Local Government Magazine
Buildings

See-through city

Wellington City Council’s digital building models

Using the latest technology to model buildings in 3D is helping Wellington City Council save time and money, and mitigate risk.

AT A GLANCE

• Building Information Management (BIM) technology used to record all of Wellington City Council buildings in an industry-standard 3D format.
• Standardised Property Information Guides containing building plans and data are available to staff in hard copy and electronically via the council’s internal systems.
• The building models provide a standardised format for facility and asset management and planning, supporting decision-making and tender processes, and making it easier to match buildings with tenants.
• The building models are useful for valuations, tenancy advisors, data analysts, facility managers, asset managers, designers, contractors, emergency management staff, planners, and renewals.
• BIM digital models have been supplied to consultants undertaking preliminary design work on building alterations, saving money and speeding up the process by removing the need for consultants to source the information and create plans themselves.

Wellington City Council has recently digitised its entire portfolio of 1800 housing units and 650 other buildings. It is now about to embark on phase two of a project that has already brought big benefits. Council’s renewals project manager Tane Dunne says the first phase of the project saw the council enlist leading building data consultancy SMRT Consulting to map its property portfolio in 3D using a process called Building Information Modelling (BIM).

This process uses smart technology to digitise scanned plans, CAD files and existing building models or create building models in 3D format. It provides an accurate representation of a building, floor by floor, which can be overlaid with data, such as building materials, the location of fire alarms and extinguishers, and the make and model of any chattels.

Phase two includes the overlay of more data on its digital building models, making them even richer sources of information for council staff managing them. This includes the addition of emergency features like water shut-off valves and power installation control point numbers, along with useful information like the locations of washing lines, rubbish chutes, and heating, ventilation and air conditioning infrastructure.

Prior to digitising its building assets, Wellington City Council’s facility and asset management information was sometimes incomplete, dated or spread across multiple documents. These fragmented records made it difficult for staff to quickly identify important details, such as building layouts, floor areas and the presence or absence of features important to tenants, maintenance and facility managers and contractors.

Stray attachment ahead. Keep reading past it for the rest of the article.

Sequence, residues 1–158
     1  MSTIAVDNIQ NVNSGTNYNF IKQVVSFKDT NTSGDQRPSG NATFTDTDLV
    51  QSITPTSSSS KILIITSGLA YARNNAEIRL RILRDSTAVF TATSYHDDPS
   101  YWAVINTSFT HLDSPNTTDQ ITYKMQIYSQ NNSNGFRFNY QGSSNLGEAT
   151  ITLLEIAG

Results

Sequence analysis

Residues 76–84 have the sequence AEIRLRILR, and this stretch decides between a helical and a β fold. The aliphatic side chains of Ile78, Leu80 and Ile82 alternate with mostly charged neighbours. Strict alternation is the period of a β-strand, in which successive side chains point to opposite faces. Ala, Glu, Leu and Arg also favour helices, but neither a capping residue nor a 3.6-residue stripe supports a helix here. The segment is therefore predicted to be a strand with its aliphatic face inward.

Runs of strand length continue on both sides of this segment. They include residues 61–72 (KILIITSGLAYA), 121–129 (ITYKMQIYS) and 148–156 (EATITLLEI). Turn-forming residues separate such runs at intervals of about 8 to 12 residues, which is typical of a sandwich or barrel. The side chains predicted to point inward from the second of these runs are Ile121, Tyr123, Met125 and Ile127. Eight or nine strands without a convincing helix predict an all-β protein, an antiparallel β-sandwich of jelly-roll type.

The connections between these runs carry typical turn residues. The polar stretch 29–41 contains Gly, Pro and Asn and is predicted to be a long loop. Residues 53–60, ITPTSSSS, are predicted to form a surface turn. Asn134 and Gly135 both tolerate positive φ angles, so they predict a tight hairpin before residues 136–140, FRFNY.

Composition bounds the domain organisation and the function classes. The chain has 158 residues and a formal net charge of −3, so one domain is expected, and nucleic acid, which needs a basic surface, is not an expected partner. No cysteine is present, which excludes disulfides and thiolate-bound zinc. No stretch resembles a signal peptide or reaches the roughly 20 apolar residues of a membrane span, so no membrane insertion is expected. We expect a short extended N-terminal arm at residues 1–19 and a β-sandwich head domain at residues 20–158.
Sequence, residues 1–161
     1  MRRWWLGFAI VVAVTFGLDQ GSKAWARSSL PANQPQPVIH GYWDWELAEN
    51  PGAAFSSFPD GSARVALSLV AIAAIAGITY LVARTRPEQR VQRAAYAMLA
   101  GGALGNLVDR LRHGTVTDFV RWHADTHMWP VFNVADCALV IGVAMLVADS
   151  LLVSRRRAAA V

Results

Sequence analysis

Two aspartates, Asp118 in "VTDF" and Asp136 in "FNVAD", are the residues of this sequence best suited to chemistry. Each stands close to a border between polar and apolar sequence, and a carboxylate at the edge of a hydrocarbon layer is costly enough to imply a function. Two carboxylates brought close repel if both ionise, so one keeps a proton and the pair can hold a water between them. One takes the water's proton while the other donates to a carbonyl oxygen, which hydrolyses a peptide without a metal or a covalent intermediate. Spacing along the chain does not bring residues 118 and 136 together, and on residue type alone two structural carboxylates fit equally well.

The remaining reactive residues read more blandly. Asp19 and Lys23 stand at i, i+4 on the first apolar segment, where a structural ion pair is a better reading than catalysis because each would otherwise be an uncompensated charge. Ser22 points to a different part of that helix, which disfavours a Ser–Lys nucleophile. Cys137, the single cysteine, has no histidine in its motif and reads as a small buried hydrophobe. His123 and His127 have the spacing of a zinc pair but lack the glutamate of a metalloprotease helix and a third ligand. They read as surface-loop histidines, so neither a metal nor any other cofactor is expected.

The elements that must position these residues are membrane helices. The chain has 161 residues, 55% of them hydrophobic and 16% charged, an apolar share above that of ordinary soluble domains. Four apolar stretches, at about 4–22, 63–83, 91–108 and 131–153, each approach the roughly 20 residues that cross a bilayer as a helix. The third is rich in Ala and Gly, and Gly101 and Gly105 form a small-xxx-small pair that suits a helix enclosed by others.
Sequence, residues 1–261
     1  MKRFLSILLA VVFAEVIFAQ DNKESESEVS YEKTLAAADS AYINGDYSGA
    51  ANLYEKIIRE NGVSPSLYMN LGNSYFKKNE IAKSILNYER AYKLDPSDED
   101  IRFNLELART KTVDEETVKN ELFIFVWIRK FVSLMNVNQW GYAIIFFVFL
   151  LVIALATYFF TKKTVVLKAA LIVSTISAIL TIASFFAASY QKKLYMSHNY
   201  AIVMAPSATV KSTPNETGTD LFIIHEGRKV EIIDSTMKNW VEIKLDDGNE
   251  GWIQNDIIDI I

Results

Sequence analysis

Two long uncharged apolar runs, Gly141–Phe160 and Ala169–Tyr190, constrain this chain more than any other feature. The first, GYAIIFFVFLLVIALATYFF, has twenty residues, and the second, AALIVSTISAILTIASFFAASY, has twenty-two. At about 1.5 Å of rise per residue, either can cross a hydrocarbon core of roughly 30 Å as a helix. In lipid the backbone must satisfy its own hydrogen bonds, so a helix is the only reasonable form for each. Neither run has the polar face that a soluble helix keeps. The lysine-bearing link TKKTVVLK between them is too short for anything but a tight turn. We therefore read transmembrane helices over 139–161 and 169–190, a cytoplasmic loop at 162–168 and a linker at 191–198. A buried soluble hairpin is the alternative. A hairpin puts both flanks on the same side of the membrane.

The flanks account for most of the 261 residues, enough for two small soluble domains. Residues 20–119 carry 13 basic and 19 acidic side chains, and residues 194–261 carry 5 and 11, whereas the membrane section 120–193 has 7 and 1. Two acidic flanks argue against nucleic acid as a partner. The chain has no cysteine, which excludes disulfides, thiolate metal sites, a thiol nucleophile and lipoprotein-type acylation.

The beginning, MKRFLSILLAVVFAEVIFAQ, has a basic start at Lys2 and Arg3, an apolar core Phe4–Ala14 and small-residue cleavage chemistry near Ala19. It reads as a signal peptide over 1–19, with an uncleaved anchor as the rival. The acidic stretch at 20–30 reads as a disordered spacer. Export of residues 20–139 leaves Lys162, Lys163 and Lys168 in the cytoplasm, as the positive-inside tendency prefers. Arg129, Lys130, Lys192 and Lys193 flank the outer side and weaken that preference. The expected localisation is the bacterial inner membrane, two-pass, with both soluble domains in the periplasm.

“You couldn’t easily pick up a spreadsheet or database printout and understand what a building looked like,” Tane says. “That was problematic when it came to identifying the locations of issues or communicating them to others.”

The council initially planned to have a representative sample of its buildings modelled, but through software development conducted on-site alongside the council’s team, SMRT Consulting was able to model all of the council’s portfolio, within the original budget.

SMRT Consulting combined data from existing archival plans and databases, 2D CAD drawings, and 3D building models created by building designers for recent builds or upgrades. In instances where data was missing, SMRT Consulting and the council arranged for physical surveys and measurements to assist with the modelling process. The result was a map of every building with its associated key information.

Once completed, the information was made available to council staff in digital format via the council’s TROVE document management system and OneCouncil asset, finance and HR management system. The building maps, known as Property Information Guides, or PIGs, can also be printed as booklets for individual buildings or groups of buildings depending on the user’s requirements.